Another World Cup campaign for Herbert

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RICKI HERBERT took over as Maldives coach in September, midway through their 2018 World Cup qualifying campaign. Here he tells ESPN his plans for a third FIFA World Cup finals campaign …

Playing and coaching for New Zealand at different World Cups – Spain 1982 and South Africa 2010 – and now starting a new role with the Maldives national team provide evidence of what can be possible in football, no matter where you are from.

As a central defender, I appeared in all three games in New Zealand’s first World Cup finals’ appearance more than three decades ago, which would help me earn a dream move to Wolverhampton Wanderers in England.

But I am probably best known for coaching the All Whites to an unbeaten campaign in South Africa five years ago, including a 1-1 draw with holders Italy in Nelspruit – and for being Wellington Phoenix manager in the A-League for more than six seasons.

I’ve signed a two-year contract with the Maldives and have been on this Indian Ocean island nation, southwest of Sri Lanka, for the past three months. And I will be spending Christmas in India, coaching the team in the South Asian Football Federation (SAFF) Cup.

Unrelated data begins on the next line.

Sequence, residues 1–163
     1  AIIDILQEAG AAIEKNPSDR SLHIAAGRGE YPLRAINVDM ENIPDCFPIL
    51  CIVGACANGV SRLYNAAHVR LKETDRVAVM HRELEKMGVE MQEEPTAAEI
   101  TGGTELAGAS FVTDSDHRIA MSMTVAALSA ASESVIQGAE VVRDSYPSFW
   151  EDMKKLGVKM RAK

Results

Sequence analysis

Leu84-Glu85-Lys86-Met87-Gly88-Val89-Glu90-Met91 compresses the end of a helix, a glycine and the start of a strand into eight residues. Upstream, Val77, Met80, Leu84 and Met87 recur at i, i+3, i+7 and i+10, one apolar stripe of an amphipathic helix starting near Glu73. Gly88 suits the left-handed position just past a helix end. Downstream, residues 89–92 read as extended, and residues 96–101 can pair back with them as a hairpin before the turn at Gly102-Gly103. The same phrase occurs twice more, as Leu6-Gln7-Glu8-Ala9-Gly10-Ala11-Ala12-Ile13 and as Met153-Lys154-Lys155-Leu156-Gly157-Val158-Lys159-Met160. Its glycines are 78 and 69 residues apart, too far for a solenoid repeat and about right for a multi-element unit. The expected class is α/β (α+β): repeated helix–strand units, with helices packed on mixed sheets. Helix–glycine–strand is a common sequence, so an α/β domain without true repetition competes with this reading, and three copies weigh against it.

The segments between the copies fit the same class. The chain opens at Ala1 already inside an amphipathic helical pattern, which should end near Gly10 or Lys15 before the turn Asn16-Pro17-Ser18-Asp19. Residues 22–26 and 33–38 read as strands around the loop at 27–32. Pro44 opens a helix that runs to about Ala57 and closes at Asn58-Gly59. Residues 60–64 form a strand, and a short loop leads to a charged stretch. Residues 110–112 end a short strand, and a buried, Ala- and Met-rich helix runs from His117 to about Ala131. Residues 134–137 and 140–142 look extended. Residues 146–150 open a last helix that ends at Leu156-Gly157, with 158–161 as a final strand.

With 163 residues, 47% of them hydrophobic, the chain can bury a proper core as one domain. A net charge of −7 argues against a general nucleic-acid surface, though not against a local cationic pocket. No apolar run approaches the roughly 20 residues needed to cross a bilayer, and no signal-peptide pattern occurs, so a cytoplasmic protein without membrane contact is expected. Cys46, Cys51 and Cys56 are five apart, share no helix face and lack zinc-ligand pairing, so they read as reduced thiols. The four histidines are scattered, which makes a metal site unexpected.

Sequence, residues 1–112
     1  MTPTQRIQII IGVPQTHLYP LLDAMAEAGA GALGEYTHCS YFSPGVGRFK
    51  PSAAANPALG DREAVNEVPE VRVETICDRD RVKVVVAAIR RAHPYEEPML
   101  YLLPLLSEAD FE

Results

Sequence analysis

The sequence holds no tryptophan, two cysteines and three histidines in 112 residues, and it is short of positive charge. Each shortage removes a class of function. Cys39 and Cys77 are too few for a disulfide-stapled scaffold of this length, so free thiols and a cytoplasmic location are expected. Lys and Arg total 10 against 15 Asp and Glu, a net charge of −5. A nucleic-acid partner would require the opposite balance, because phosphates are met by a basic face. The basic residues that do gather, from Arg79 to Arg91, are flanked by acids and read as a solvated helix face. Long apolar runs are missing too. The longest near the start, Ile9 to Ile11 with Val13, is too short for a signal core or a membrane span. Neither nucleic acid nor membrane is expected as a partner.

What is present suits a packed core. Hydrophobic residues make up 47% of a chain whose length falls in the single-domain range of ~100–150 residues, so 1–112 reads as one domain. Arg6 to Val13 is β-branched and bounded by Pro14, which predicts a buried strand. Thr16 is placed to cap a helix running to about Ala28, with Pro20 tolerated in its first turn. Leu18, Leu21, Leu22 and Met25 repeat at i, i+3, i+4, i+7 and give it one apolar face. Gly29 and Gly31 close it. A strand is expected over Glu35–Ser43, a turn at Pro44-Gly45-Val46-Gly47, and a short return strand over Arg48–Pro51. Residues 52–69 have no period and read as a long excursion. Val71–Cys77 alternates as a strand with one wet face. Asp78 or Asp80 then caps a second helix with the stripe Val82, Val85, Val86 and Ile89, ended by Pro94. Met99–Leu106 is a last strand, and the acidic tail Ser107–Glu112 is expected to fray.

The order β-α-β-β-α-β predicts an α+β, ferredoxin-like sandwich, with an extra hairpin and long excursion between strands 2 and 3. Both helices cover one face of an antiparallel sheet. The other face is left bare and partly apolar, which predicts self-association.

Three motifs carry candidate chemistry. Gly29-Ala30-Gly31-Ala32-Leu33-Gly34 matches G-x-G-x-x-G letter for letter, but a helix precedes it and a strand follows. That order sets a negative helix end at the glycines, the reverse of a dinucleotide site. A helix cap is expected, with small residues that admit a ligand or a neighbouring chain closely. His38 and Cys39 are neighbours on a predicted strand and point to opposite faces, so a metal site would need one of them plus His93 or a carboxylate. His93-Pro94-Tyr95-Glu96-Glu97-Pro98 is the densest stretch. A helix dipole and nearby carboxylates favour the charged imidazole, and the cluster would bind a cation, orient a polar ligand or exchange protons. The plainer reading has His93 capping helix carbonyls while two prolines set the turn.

Already, I’ve had a taste of the highs and lows of 2018 AFC World Cup qualifying.

The Maldives are in the same Group C as regional giants China and Qatar. Having watched the away fixture against the Chinese prior to starting my role in September as the Maldives lost 3-0, I could see how far apart the two teams were and how much work was going to be needed over the next couple of years.

First up was an away game against Bhutan, a country that I had never coached against or visited.

Playing on an artificial surface, in front of a great home crowd and at altitude, provided the recipe for an exciting contest. We played extremely well to lead 3-0 at half-time.

It was important for me that we continued to attack and we scored again soon into the second period, providing the chance to introduce new players into the match. But given the altitude, and the fact that the physical conditioning of the players was quite low, there was always going to be a fatigue factor for my players.

We still led 4-0 until the 80th minute when Bhutan scored. This really injected life into the home team and the crowd reacted strongly. Two more goals for Bhutan late in the game had the match on a knife’s edge but we held on to win 4-3.

It was closer than I would have liked, but an excellent result for my team ahead of the next qualifier, away to Qatar.

Facing a nation ranked in the FIFA top 100 was always going to be a mammoth challenge.

But, keeping an attacking frame of mind, we started very well and didn’t concede until just before the half hour.

Midway through the second half, it was still only 1-0, but once again fatigue kicked in. Qatar scored two quick goals around the 70th minute mark and another in added time as we ended up losing 4-0.